Dr. Abu Moghli highlighted the importance of conducting a community-based research and involving partners from the community such as teachers, schools and organisations as well as local universities when designing the course.  This will allow further acceptance and integration of the new approach in the partners’ programs. The co-design process includes visits and workshops with stakeholders and community members and filming of material for the MOOC.  The project comprises a series of three two-day pilot workshops with 20 teachers (formal and non-formal, MEHE, UNRWA, Syrian NGOs), reflections and final adaptation of the course.

Through the close collaboration and partnership with the MEHE and key stakeholders, the project team seeks to bring this innovative tool to scale through an integration into the regular teaching program of LAU and having a recognised blended learning diploma.


Following the presentation, participants discussed the importance of blended learning and online teaching for the future.

  • A design of the MOOC in Arabic, as it was considered that teaching in native language is essential, would allow the use of this online tool in Syria and other countries of the Middle East too.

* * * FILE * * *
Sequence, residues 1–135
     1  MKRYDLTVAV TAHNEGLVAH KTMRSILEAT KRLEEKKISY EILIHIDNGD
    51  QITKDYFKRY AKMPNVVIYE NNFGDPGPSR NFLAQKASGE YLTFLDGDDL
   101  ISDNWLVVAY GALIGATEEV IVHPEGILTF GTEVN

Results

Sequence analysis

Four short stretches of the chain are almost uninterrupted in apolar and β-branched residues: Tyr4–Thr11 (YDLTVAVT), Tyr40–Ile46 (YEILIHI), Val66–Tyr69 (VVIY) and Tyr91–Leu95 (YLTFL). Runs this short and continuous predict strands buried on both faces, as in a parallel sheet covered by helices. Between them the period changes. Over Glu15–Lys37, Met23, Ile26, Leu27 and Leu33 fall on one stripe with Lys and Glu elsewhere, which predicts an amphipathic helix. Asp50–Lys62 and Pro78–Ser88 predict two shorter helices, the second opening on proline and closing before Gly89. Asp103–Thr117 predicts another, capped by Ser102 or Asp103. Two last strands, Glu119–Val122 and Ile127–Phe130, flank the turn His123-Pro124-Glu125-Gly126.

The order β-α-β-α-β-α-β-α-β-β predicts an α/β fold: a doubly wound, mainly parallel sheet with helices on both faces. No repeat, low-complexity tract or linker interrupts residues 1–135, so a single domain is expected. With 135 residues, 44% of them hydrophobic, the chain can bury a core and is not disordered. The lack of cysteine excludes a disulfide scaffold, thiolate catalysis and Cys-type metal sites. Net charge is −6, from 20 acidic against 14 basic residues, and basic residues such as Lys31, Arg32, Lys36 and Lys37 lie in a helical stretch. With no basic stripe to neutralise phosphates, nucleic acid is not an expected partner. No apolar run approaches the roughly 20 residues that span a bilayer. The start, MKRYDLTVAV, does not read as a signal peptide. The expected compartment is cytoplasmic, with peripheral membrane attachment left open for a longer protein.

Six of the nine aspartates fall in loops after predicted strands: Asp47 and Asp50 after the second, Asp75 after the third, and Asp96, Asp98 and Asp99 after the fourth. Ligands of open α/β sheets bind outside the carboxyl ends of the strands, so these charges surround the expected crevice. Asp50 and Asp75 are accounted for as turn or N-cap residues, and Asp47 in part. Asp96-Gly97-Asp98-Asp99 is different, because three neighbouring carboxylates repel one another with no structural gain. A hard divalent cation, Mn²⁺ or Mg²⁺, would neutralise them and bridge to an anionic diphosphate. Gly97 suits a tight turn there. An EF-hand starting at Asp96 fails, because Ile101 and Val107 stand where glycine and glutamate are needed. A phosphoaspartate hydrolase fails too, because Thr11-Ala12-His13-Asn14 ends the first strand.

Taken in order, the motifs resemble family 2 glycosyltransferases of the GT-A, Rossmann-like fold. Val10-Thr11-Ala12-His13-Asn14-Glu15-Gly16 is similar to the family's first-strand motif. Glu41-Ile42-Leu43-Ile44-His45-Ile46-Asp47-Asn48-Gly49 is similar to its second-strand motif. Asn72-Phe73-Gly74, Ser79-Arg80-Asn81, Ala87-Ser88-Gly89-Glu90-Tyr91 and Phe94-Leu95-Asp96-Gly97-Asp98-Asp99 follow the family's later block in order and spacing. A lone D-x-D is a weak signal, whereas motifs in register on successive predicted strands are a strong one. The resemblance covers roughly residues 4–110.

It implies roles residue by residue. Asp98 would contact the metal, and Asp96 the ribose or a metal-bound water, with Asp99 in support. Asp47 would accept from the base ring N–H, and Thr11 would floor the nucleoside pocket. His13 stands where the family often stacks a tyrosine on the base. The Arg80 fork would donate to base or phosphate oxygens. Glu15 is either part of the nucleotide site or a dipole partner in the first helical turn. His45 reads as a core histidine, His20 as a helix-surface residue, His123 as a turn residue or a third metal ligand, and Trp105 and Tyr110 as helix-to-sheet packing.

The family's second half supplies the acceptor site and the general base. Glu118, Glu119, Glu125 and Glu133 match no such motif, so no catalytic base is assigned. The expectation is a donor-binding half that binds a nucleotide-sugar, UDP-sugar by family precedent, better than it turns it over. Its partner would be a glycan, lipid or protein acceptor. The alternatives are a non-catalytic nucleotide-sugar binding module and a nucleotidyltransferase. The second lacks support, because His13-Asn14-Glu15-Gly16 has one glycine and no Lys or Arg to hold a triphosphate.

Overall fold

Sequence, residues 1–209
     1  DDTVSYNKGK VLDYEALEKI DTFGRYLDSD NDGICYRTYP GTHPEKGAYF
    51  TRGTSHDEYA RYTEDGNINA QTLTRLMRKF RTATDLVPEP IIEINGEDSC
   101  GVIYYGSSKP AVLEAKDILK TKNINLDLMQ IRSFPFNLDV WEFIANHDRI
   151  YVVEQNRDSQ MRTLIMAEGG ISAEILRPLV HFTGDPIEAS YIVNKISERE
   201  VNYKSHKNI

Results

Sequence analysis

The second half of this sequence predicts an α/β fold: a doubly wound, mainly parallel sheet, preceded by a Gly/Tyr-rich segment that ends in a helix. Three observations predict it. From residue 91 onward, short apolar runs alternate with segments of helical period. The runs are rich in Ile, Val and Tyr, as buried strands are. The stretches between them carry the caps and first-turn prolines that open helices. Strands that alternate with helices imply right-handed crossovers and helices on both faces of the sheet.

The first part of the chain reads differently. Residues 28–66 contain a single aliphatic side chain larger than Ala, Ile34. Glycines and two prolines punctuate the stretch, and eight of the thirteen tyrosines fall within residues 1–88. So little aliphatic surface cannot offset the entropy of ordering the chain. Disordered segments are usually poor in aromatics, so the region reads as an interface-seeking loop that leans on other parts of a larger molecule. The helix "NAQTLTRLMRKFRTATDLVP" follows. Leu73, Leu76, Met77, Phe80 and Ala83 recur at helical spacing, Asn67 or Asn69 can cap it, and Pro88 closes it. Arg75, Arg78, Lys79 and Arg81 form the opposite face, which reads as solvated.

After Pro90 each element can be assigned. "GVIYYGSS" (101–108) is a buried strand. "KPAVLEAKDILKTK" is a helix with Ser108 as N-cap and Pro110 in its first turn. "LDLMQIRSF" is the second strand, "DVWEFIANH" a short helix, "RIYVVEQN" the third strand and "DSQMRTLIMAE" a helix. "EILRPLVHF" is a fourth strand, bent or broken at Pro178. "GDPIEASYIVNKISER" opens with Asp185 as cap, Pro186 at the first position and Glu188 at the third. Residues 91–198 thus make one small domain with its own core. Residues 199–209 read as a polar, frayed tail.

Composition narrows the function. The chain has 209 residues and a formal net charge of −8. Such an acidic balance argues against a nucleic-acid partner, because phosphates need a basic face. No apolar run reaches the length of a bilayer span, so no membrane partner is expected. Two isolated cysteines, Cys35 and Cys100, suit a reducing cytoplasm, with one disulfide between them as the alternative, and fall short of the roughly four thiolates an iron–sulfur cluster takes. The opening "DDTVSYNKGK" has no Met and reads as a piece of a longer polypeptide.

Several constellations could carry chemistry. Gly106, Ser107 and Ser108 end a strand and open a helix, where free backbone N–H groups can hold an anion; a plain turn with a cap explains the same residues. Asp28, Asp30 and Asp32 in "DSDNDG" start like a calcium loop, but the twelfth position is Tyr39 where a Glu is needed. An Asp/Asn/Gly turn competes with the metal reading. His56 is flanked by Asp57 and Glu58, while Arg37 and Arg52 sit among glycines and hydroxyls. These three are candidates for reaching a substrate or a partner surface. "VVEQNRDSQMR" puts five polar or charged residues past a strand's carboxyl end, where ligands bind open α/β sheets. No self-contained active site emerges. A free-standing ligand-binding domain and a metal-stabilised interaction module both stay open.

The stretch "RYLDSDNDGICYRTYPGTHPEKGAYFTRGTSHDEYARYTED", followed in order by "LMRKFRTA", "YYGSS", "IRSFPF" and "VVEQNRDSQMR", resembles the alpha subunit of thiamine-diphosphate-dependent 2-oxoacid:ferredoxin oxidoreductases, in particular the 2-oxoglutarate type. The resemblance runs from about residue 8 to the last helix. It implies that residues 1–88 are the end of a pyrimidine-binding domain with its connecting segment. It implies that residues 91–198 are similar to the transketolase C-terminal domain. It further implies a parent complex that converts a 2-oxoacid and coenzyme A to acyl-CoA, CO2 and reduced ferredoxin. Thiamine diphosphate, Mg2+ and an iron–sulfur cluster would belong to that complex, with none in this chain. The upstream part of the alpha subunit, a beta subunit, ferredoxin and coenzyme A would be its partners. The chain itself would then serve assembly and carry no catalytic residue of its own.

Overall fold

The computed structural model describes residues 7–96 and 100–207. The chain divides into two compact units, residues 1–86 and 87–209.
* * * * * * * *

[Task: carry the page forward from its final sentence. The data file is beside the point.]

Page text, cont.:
• Ahmad Jammal highlighted that online teaching is very developed and sometimes better in certain disciplines then on-campus teaching. He emphasised the need to overcome political issues in Lebanon regarding the acceptance of e-learning and the need to develop a higher education strategy that includes lobbying with public and private universities.
  • In his opinion, universities are still not well prepared in terms of training of the teachers and staff and they are afraid to lose students when offering courses online.
  • With regard to accreditation and quality assurance of blended learning diplomas and courses, Dr. Jammal explained that a dedicated draft of law was developed two years ago but was not discussed yet due to political interests and polarisation. Only a close collaboration between universities in Lebanon and their joint lobbying will lead to pushing things forward.